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Legionella checks: what are they and who can make them?

Posted 22/05/2022 by Your Move
Categories: Landlords, Lettings
Person opening door with a key

As a landlord, you have an obligation to protect your tenants. And under the Homes (Fitness for Human Habitation) Act 2018 and the Control of Substances Hazardous to Health Regulations (2002), you have a specific legal responsibility to keep your rented property safe and free from health hazards.

One of the potential hazards in any property is legionella – but what exactly is it and what do you need to do minimise the risk to your tenants?

What is legionella?

Legionella is a bacteria that can form in water when:

  1. the temperature is between 20 and 45 degrees Celsius, and
  2. certain nutrients are present, e.g. sludge, scale and rust.

It can form in any kind of hot or cold water systems, including water tanks and air conditioning units. If the bacteria is then inhaled via water droplets, it can cause Legionnaire’s disease, a type of pneumonia that can be fatal if it’s left untreated.

What are a landlord’s legal obligations around legionella checks?

According to the Health & Safety Executive (HSE): “The practical and proportionate application of health and safety law to landlords of domestic rental properties is that whilst there is a duty to assess the risk from exposure to Legionella to ensure the safety of their tenants, this does not require an in-depth, detailed assessment.” 

In reality, if your property is occupied and the water system is in regular use, the chance of legionella bacteria forming is very low, so regular checks are unnecessary. If your rental has a combination boiler and the showers are electric, the risk is even lower because water isn’t being stored.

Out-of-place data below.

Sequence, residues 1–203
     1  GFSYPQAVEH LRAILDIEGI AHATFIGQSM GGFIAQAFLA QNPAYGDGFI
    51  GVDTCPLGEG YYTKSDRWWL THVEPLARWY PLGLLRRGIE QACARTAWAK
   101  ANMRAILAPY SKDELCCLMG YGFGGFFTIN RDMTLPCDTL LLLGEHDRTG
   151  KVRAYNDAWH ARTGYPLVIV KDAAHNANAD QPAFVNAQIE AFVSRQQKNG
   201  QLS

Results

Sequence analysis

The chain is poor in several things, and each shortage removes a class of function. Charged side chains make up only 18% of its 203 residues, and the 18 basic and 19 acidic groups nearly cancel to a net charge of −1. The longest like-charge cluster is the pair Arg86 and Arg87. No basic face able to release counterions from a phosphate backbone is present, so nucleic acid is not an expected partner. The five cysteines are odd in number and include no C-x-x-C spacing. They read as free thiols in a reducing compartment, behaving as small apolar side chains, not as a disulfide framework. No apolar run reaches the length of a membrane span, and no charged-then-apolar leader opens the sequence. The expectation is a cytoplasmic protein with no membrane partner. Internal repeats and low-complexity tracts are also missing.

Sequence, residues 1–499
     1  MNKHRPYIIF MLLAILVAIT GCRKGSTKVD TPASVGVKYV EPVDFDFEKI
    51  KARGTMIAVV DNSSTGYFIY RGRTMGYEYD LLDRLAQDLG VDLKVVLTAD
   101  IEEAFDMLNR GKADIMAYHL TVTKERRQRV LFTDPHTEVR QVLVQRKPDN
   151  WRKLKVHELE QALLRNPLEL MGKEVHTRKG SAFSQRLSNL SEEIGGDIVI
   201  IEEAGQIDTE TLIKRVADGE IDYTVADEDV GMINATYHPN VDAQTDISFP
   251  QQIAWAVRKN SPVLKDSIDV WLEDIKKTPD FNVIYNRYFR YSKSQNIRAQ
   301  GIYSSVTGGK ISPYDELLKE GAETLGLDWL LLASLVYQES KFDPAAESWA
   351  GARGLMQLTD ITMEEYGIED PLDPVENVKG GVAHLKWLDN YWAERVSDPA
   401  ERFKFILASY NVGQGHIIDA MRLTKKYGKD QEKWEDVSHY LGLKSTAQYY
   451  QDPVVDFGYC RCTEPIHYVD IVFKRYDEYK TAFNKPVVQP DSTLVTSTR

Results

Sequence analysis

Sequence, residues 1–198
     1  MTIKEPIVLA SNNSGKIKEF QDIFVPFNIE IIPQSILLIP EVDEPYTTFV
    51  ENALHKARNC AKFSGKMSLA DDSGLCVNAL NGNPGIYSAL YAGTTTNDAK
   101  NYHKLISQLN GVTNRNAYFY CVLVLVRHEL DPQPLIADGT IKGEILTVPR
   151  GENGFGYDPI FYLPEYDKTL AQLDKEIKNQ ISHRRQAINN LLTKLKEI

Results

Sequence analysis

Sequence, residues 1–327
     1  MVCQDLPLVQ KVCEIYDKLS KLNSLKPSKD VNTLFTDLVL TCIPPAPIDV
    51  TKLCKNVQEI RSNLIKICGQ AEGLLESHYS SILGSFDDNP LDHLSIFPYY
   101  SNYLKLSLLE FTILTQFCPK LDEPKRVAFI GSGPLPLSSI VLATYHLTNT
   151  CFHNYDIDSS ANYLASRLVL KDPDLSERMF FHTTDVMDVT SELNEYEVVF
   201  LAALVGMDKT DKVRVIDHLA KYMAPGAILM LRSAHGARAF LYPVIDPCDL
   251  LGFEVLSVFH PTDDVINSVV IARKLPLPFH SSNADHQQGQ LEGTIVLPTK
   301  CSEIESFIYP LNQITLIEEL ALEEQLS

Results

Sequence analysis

What does the legionella risk assessment and check involve?

The most important check to make is the temperature of the hot and cold water by holding a thermometer under a running tap:

  • Hot tap – after one minute, the thermometer should register a minimum of 50 degrees Celsius
  • Cold tap – after two minutes, the thermometer should register a maximum of 20 degrees Celsius

For water heaters, a surface temperature probe can be used to check the outgoing water, which should be at least 60 degrees Celsius.

As well as recording water temperatures, the assessment should also include:

  • A description of the hot and cold water systems
  • Confirmation that the cold water tank is free from scale and rust, etc. and the lid is secure
  • Whether there are any water outlets that are used less than once a week – such as guest bathrooms
  • The location of all showers
  • Confirmation that the property is not left unoccupied for extended periods of time

Who can make the checks and carry out the risk assessment?

If you’re happy to, you can carry out the legionella risk assessment and checks yourself, or we can organise this for you - more information about Legionella can be found on our blog here.

A professional assessment can cost anything from £50 to £200, depending on the size of property, and if you have a fully managed letting service your agent may have access to preferential rates.

Is there a legionella safety certificate?

There’s no formal certificate, but you (or we) should retain a written record of the assessment and temperature checks.

5 key steps to minimise the risk of legionella bacteria forming:

  • If the property is unoccupied, run the hot and cold taps and flush the toilets once a week
  • Have any pipework that’s no longer in use removed
  • Ensure hot water is stored at 60°C
  • Check the water temperature during property inspections
  • Advise your tenants to regularly clean and disinfect showerheads

If we manage your rental property, we can arrange for a legionella assessment to be done on your behalf. But if you have any questions or you currently self-manage and you’d like to discuss our Fully Managed service, just get in touch with your local Your Move branch and chat to one of the team.

For further information on legionella, visit the Health & Safety Executive website.

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